Friday, October 14, 2011

What we learn from Steve Jobs?

Steve Jobs was an amazing individual.
His innovative and creative spirit spawned the Apple Corporation and he blazed a trail into all the areas of personal computing and technology that we use in our everyday lives. He embodied a truly unique spirit and was instrumental in changing the manner schools use technology to support instruction.
And I write all this on a PC computer. What a tribute!
As Superintendent of Bethlehem Central I work to meet the demands of the State in implementing the mandates of testing, testing and more testing in order to prove whether our school district is doing an excellent job of teaching students. And, then I am struck with the realization in the form of a question:
Will our schools ever produce another Steve Jobs?
Do we inspire children to be creative? Or, do we deny them this opportunity due to the structure of how our schools run currently?
Last week, on ABC's 20/20, Chris Cuomo did an excellent piece on the life of Steve Jobs. He summed up the inventor's life in seven rules that guided his work and achievements. These were derived from his comments, actions, and presentations. In many ways, they sum up the direction we need to move as a school district. Allow me to paraphrase his thoughts.
Steve Jobs' rules for life as applied to schools:
Teachers are highly trained individuals that can offer so much to children through their knowledge and capabilities. Whether it is reading, writing, math, science or technology, teachers can truly be an inspiration to children if they work in an unfettered manner free of the assertions and assumptions of educational testing and the mediocrity it breeds. They entered the profession to do what they do best, and that is to motivate and inspire children. In spite of the demands from our politicians, they try every day to do just that.
Despite the budgetary problems BC had last year, we developed a "bold vision" to immerse our students and the school community into 21st Century learning by employing personal devices wherever and whenever possible. We have committed ourselves to preparing students to be the next inventors of the newest technologies and to be ready for a future that will soon envelop us.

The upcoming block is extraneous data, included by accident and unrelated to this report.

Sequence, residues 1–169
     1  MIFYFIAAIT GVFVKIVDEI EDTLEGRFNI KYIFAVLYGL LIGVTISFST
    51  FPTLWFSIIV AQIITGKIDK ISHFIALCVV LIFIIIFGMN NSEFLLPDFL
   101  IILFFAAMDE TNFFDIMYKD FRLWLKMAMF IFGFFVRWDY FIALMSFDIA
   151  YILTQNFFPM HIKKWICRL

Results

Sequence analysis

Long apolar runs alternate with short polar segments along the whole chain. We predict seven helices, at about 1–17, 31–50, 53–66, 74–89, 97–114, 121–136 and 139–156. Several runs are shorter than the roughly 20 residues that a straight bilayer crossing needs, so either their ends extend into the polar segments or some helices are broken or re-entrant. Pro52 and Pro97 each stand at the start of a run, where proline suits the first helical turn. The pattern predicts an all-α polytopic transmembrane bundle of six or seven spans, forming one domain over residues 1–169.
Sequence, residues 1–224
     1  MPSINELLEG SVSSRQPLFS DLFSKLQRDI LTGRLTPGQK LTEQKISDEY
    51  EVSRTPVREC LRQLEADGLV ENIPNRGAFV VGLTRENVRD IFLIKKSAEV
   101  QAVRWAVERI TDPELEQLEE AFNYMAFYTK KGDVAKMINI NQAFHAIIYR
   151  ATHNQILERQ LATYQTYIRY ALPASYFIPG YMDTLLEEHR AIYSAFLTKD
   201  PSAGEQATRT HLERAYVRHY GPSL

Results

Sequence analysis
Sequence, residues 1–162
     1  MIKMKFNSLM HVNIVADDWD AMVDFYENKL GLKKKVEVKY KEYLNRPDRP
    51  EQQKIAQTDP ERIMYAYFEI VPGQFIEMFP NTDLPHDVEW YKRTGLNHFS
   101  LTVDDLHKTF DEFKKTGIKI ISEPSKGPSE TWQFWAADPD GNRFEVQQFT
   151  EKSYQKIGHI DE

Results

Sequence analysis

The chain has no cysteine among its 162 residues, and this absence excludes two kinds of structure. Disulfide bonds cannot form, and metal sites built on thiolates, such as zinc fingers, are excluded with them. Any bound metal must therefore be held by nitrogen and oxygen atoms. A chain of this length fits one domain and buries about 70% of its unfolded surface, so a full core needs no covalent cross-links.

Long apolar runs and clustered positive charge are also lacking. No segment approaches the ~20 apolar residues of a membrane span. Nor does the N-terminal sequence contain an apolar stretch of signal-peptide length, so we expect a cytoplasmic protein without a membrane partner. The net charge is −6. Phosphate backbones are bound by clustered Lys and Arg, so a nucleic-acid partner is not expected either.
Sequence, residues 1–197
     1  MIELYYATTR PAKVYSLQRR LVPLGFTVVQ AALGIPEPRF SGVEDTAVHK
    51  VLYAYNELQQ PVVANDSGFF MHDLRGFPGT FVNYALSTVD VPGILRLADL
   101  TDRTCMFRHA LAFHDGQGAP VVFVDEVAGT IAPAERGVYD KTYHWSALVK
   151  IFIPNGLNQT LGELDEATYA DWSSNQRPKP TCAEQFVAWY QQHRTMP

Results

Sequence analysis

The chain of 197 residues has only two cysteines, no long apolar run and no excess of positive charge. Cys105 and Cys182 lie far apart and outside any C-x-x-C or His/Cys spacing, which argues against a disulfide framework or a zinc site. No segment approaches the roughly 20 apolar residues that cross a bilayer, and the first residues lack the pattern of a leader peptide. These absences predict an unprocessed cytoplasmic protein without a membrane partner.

Unfortunately, the community rejected our idea to make this dream a reality, but the school district continues to find a way to make this dream a reality in everything we do, say and teach.
3) SAY NO TO A 1,000 THINGS.
In other words, simplify our profession. This will be difficult given the interference of the politicians that care more about winning votes than preparing students for the 21st Century challenges. But, as a school district we need to thrive to push back against the absurd demands that come to us from the state, even though we must test, test and test more to make this standard of mediocrity conform to the political rhetoric in Albany and Washington.
In another time, we hope to say no to the 1,000 mandates that were supposed to be curtailed in March, and still haunt our inability to fund the other things that will truly make a difference for students.
Many of us, teachers, administrators, support staff and students are stretching our comfort levels to learn new things. No matter what the venue is, we need to encourage organizational learning and that includes all of our school-community members. If everyone experienced one new idea each month we would be light years into the future of preparing children to do their best.
In schools we should be selling dreams of educational success and creative opportunities, and not the bill of goods found in a report card or testing manual. With over 38 years in education I can confidently say that children learn best when they are challenged to confront a new reality. To do that we should mandate time each week in class for children to confront creative projects and problem solving activities.
Schools are great learning environments for super experiences that challenge and motivate people. From Nature's Classroom in grade 5 to Lab School active learning and research environments in high school, our district is filled with many "insanely" great experiences. We need to do more of them and encourage some risk taking in the process.
When Steve Jobs presented the idea of the iPhone, he changed the face of telecommunications and smartphone computers forever. In education we need to master a similar message that attracts the creative genius of children to master their potential in order to confront new realities.
The message in what I have presented is that public school districts need to unshackle themselves from the mediocrity of what the established bureaucracy have created and be allowed to reach for the stars. For, I am quite concerned that if we do not, there will be little chance of inspiring the next innovator of future challenges.
Let's hope we all learn something from people like Steve Jobs.

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